The Oceans Could Soon Not Have Enough Oxygen To Support Marine Life

Since cold water can hold more oxygen than warm water, the oceans retain less and less oxygen as the planet heats. Sphinx Wang/Shutterstock
Josh Davis 02 May 2016, 19:42

As the climate continues to change in response to the increasing amount of carbon humans pump into the atmosphere, the oceans are being particularly hard hit from melting Arctic sea ice, acidification, and warming surface temperatures. Yet those are not the only difficulties that marine life has to deal with, as a new study reports that the oceans are also losing oxygen.

As the majority of marine life relies on the oxygen dissolved in the oceans, it is worrying that noticeable differences have been observed in the gas concentrations in the world's waters. The reduction in oxygen will have profound effects on ocean biodiversity, though as the study published in Global Biogeochemical Cycles shows, not all regions will be affected in the same way or over the same period of time.

“Loss of oxygen in the ocean is one of the serious side effects of a warming atmosphere, and a major threat to marine life,” explains lead author Matthew Long of the National Center for Atmospheric Research in a statement. “Since oxygen concentrations in the ocean naturally vary depending on variations in winds and temperature at the surface, it's been challenging to attribute any deoxygenation to climate change. This new study tells us when we can expect the impact from climate change to overwhelm the natural variability.”

The world's oceans are predicted to lose oxygen are different rates. Matthew Long/NCAR

Almost all oxygen found in the planet's oceans originates at the surface, be it by directly dissolving into the surface waters or from being produced by phytoplankton that rely on the Sun’s rays. Cold water is known to contain more dissolved oxygen than warm water, so as surface water temperatures increase around the globe, the ability of the oceans to take up oxygen is seriously hindered.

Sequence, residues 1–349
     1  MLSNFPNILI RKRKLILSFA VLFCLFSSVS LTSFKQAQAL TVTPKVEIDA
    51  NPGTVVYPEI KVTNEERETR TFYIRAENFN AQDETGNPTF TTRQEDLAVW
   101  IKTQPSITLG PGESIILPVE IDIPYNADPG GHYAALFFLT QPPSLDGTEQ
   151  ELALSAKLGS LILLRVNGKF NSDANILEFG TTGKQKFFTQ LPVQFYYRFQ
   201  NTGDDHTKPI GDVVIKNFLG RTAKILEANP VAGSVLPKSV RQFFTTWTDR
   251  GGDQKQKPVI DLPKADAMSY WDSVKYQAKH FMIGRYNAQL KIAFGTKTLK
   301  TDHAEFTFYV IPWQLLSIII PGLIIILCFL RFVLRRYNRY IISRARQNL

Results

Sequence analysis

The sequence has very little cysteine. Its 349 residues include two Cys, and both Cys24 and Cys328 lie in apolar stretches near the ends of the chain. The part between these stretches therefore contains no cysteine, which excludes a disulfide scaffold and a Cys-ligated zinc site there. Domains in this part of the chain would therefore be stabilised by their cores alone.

But the impact doesn’t stop there. As warm water expands, it becomes less dense than cold water, which means it is less able to mix with the deeper, colder water below. This reduces the amount of water circulation and impacts the levels of oxygen found in the ocean depths. Another study, published in Proceedings of the Royal Society B, researched the impact of climate change on the deep sea continental margins and found that these ecosystems and the diversity of marine life they contain are already under threat.

While the authors of the first study report that deoxygenation is already detectable in some parts of the Pacific Ocean, they expect this problem will become widepsread by 2030 or 2040, and that by 2100 most regions will have been impacted. The concern now is that the effects can last for decades, meaning that even if we do get our carbon emissions under control now, we may have already set the ball rolling in some areas. 

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